October 2000 News

Autonomy, LoC as border best solution: Farooq

5 October 2000
The Times of India
Law Kumar Mishra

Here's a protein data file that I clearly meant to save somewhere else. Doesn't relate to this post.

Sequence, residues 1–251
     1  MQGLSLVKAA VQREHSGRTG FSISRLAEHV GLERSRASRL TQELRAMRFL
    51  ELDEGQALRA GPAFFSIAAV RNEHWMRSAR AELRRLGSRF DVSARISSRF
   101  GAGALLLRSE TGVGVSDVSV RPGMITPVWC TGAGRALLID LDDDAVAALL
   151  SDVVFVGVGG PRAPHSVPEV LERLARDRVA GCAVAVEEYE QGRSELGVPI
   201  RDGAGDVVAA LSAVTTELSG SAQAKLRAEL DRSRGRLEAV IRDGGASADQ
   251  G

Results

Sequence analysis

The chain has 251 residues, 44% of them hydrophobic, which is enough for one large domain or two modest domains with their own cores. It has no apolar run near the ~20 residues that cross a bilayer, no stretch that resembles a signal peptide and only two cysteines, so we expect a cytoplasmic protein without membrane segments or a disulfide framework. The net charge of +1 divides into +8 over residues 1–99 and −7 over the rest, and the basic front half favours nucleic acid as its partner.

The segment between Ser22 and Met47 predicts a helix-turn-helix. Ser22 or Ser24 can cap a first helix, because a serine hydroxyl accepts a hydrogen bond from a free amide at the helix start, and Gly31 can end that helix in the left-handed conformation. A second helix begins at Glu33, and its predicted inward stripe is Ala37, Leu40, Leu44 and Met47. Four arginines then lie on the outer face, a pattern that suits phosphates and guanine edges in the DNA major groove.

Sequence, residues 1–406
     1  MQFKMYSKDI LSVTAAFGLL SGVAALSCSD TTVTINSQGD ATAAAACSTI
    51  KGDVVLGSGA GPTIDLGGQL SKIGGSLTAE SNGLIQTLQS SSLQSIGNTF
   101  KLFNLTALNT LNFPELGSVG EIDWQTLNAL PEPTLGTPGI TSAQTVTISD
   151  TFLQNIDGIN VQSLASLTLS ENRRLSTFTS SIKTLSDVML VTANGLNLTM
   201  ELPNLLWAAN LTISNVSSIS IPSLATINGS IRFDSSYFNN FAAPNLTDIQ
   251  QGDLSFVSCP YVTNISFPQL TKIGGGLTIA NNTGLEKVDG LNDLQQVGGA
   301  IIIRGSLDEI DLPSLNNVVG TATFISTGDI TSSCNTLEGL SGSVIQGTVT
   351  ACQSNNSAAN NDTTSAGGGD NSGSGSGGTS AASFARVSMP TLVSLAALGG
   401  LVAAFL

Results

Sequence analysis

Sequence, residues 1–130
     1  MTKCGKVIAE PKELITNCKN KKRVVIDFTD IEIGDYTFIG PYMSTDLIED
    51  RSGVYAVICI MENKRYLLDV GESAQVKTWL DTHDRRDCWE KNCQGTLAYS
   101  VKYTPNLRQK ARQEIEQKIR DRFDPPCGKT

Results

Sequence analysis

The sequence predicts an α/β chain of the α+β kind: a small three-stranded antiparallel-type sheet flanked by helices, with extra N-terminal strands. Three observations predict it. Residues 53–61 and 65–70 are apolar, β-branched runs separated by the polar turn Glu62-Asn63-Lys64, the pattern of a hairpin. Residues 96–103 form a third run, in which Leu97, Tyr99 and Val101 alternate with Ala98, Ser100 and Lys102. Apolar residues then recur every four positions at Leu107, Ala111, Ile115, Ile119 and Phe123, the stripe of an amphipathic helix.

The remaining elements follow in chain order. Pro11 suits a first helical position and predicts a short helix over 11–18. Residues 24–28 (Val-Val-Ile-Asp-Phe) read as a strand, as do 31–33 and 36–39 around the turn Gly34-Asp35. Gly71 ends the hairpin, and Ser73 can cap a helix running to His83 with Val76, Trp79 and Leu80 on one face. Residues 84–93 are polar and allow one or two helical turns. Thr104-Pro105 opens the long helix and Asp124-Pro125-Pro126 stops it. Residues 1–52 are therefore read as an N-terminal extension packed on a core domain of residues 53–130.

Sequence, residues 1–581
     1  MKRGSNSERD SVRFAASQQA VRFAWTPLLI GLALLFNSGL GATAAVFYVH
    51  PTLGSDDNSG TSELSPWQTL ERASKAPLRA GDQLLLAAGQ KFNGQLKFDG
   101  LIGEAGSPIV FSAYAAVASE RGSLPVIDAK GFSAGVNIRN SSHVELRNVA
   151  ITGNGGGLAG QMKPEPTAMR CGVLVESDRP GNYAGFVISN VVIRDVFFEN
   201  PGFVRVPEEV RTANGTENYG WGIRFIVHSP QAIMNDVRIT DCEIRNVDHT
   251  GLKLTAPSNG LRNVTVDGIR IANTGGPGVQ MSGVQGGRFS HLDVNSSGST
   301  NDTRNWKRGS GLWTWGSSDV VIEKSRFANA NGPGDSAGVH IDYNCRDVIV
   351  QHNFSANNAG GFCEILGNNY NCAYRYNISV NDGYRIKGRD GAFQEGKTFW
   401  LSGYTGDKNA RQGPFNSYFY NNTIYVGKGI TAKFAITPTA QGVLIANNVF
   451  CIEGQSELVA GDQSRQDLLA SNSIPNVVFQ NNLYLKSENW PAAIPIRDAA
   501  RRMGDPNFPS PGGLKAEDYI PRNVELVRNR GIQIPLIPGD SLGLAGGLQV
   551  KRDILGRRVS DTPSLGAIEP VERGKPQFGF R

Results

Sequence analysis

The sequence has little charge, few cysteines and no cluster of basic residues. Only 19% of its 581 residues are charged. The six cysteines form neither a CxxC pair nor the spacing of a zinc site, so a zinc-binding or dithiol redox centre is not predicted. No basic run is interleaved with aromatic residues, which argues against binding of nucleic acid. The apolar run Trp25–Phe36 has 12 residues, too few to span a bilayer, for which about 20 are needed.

Srinagar: Chief minister Farooq Abdullah on Wednesday said conversion of the Line of Control (LC) into the international border and autonomy to Jammu, Kashmir and Pakistan-occupied Kashmir were the most tangible solutions to the problems between India and Pakistan. The CM gave the suggestion at a luncheon with British parliamentarians who had called on him here. British MPs Linda Pesham, Joe Benton, Gretha Thomas, Paira Khabra, Tony Coleman, Ian Davidson and Deemond Turner are on a three-day tour of the state as members of the Labour Friends of India. A two-member team of the British High Commission is also currently touring the state meeting separatist leaders and senior officers engaged in counter-insurgency operations. During his two-hour talk with the MPs, Farooq dwelt at length on Pakistan''s involvement with terrorism in the state. Though India yearned for peace, it could not be discussed under pressure or threats. The onus for creating a congenial atmosphere by showing sincerity of purpose rests with Pakistan, he said. Farooq said Pakistani shelling on the border, reciprocated with a matching response from India, had made the life of people on the border miserable. For their safety, erection of massive bunkers had become necessary together with ex-gratia to those who had left their homes in the wake of the continued shelling. Making it clear that J&K is an integral part of India, the CM said it would be prudent for Islamabad not to create any hype on Kashmir becoming part of Pakistan. The Pakistani leadership had been thriving on this bogey for the last 53 years, he said. ''We don''t want to be independent,'' Farooq declared and said the leaders of the Hurriyat Conference were so confused that some were talking of plebiscite while other were calling for azadi. Some others wanted to merge with Pakistan. He agreed that talks were necessary for bringing about peace in the region. However, the recent Centre-Hizb talks had fizzled out in just seven days because of Pakistani sabotage, he pointed out. ''Talks would have given peace a chance,'' the CM observed. Answering questions on autonomy, the CM said the demand for restoration of eroded autonomy did not mean secession or weakening of J&K''s relationship with the rest of the country. Regional autonomy was needed to satiate the aspirations of the people living in the three distinct regions and several sub-regions of the state. The demand was nothing new and was within the constitutional framework of India. Asked about the reaction of the Congress and the BJP to the demand, he said the Congress, by and large, subscribed to autonomy but wanted the Indira-Sheikh accord of 1975 to be its basis. Some affiliated organisations of the BJP were opposed to autonomy and advocated abrogation of Article 370, giving special status to J&K, Farooq admitted. He, however, said that in an era of coalition governments, the BJP would not be in a position to further its views on Article 370. The CM also gave a developmental profile of the state, including steps being taken to reconstruct the damaged infrastructure and give a fillip to the state''s economy. He said though the state continued to be deficient in foodgrain production, much headway had been made in agriculture, horticulture and pisciculture.


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